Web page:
Well-Being//

A Simple Daily Meditation You Can Do Right Here, Right Now

Turns out meditation doesn't require a hilltop retreat or years of experience. At all.

OstapandRoksolanaMykytiv/ Getty Images
OstapandRoksolanaMykytiv/ Getty Images

Many people love the idea of meditation but balk at the thought of it being a formal, serious affair. Rather than add yet another thing on your “to do” list, it’s tempting to write off meditating as just another chore.

But meditation needs no special training, no huge time commitment, and no fancy materials; all it requires is intention and breath. Meditation has been scientifically shown to have profound and beneficial effects on the entire body, and anyone can achieve this by adopting a simple daily meditation practice. Here’s a good meditation practice to begin.

Find your breath.

First, go somewhere you know you will not be disturbed for at least five minutes. Sit comfortably and close your eyes. To begin, simply become aware of your breath. It’s not necessary to alter it in any way; only become aware of it entering and leaving your body. Pay attention to the temperature of the air, the feeling of it in your lungs and your nostrils, and the way your chest rises and falls with each breath. Your breath will naturally settle into a calm rhythm and help you bring your attention inward. Most of the time our attention and consciousness are focused outward, but for meditation, we learn to focus inward.

Tune into your body.

Once you feel comfortably conscious of your breathing, turn your focus to your body. Act as though each inhalation carries energizing and healing cosmic energy; shine your awareness on each part of your body, starting at your feet. Notice the weight of your feet, and focus on any tension you may be holding there. Choose to let it go. Move on to your calves and thighs, and up the rest of your body, part by part. Especially concentrate on your face and shoulders, as these places tend to hold a lot of tension. Notice your facial muscles, jaw, lips, and eyebrows, and let them all release and relax.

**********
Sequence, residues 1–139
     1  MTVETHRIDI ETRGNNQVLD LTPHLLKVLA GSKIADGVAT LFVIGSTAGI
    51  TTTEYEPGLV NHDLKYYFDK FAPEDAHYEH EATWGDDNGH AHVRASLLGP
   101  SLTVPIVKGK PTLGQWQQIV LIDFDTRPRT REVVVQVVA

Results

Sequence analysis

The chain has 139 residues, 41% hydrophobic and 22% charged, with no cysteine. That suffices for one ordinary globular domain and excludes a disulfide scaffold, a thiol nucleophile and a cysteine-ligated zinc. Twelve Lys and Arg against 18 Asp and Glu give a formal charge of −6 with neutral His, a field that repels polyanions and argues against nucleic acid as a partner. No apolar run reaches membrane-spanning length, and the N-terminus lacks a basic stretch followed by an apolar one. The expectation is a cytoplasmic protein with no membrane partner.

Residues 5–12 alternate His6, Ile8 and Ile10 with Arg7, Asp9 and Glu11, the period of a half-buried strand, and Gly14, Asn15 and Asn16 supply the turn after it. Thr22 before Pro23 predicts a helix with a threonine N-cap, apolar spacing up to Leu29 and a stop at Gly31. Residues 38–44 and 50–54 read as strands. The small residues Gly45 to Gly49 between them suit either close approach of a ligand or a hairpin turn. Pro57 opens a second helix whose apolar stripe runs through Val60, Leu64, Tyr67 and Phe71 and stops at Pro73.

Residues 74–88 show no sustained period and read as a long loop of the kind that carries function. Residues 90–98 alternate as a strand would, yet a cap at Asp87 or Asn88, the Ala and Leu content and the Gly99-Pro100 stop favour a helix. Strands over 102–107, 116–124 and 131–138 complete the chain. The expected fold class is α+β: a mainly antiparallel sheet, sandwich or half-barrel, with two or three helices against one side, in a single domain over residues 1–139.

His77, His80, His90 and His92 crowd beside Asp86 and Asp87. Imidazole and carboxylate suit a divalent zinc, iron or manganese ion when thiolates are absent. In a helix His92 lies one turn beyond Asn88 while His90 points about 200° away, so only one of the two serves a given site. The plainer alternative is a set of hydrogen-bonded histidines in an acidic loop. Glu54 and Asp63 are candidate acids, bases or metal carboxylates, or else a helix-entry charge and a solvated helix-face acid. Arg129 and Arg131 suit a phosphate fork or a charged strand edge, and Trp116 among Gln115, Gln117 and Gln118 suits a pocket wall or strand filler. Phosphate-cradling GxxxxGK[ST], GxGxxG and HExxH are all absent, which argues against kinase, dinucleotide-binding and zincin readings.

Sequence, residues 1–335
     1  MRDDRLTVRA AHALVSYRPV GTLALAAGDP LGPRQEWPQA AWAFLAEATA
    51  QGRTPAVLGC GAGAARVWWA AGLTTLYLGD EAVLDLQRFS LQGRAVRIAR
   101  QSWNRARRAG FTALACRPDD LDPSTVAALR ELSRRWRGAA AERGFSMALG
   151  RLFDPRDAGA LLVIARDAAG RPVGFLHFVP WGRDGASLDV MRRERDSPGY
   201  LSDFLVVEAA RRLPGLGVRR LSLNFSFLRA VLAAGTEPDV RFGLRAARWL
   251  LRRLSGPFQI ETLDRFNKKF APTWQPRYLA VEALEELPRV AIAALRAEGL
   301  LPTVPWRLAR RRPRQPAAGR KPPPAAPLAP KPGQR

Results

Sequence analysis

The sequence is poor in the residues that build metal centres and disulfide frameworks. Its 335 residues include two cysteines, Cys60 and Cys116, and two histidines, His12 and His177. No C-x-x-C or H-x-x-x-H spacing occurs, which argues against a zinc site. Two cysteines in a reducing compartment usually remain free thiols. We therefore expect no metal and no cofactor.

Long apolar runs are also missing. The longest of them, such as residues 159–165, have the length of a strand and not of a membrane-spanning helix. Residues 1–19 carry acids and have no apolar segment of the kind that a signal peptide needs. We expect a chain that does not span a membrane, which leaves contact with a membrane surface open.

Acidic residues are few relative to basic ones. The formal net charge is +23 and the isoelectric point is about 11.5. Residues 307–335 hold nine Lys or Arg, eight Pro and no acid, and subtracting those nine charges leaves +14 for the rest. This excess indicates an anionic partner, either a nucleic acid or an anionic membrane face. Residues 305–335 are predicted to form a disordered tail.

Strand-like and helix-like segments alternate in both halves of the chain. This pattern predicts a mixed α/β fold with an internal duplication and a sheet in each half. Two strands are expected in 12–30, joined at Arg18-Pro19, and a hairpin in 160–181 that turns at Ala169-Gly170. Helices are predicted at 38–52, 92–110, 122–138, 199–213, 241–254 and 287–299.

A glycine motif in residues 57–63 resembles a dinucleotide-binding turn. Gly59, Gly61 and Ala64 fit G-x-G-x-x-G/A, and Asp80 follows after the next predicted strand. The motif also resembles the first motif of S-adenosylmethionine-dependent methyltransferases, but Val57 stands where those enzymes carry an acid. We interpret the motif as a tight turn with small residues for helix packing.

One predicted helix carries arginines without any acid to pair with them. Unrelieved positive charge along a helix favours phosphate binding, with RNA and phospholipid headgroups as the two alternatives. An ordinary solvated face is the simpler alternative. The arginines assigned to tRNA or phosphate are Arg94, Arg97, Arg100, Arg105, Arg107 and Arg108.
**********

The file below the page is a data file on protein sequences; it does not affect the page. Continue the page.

Tune into your own inner world.

Gradually, let your consciousness spread even further. By now, your body should be feeling relaxed and lighter. Now, shifting awareness from your breath and body, start to let them go and go deeper into the center of your being. Unplug from your outer senses and go deep within. Inside yourself, you will start to access your own peaceful inner core.

Add visualization.

The mind is a powerful thing. Even among distractions, by visualizing serenity, calmness, and happiness, it becomes easier to access those states throughout the day. A great exercise is to create a special meditative place where you can return to throughout your day. Spiritual leader Sri Chinmoy expressed, “When you soulfully meditate, the first thing you get is peace.” He often described finding your own “heart garden” and like a child, absorbing yourself in that pure and inspiring space. So, turn inward and imagine, in as much detail as possible, a beautiful and tranquil place. This could be a shady grove beside a rock pool, a deserted castle, or a quiet library on a distant planet. You decide.

Take your time to flesh out every last detail about this place. When beginning, imagine you are really there and even use the smells, the sights, and the sounds. Importantly, focus on how you feel in this place. Do you feel safe? Relaxed? Energized? Enjoy this feeling. Spend some time moving around in your special place, indulging in whatever imagery suggests itself to you.

When you are done, come out from your meditation slowly. Open your eyes and stretch a little. This entire meditation can take as little as five minutes but has the power to reset your frame of mind altogether. Try to carry the sense of calm you have cultivated with you for the rest of the day. Remember that your special place is always there, just a few minutes and a few breaths away.

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People look for retreats for themselves, in the country, by the coast, or in the hills . . . There is nowhere that a person can find a more peaceful and trouble-free retreat than in his own mind. . . . So constantly give yourself this retreat, and renew yourself.

- MARCUS AURELIUS

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